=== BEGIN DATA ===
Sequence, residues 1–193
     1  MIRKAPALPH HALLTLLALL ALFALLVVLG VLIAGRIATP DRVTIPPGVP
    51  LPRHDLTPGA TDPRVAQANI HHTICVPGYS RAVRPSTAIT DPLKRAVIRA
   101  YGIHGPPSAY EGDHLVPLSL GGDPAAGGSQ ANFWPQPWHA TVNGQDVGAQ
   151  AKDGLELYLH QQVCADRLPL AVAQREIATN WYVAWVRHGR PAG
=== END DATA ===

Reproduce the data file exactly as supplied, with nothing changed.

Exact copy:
Sequence, residues 1–193
     1  MIRKAPALPH HALLTLLALL ALFALLVVLG VLIAGRIATP DRVTIPPGVP
    51  LPRHDLTPGA TDPRVAQANI HHTICVPGYS RAVRPSTAIT DPLKRAVIRA
   101  YGIHGPPSAY EGDHLVPLSL GGDPAAGGSQ ANFWPQPWHA TVNGQDVGAQ
   151  AKDGLELYLH QQVCADRLPL AVAQREIATN WYVAWVRHGR PAG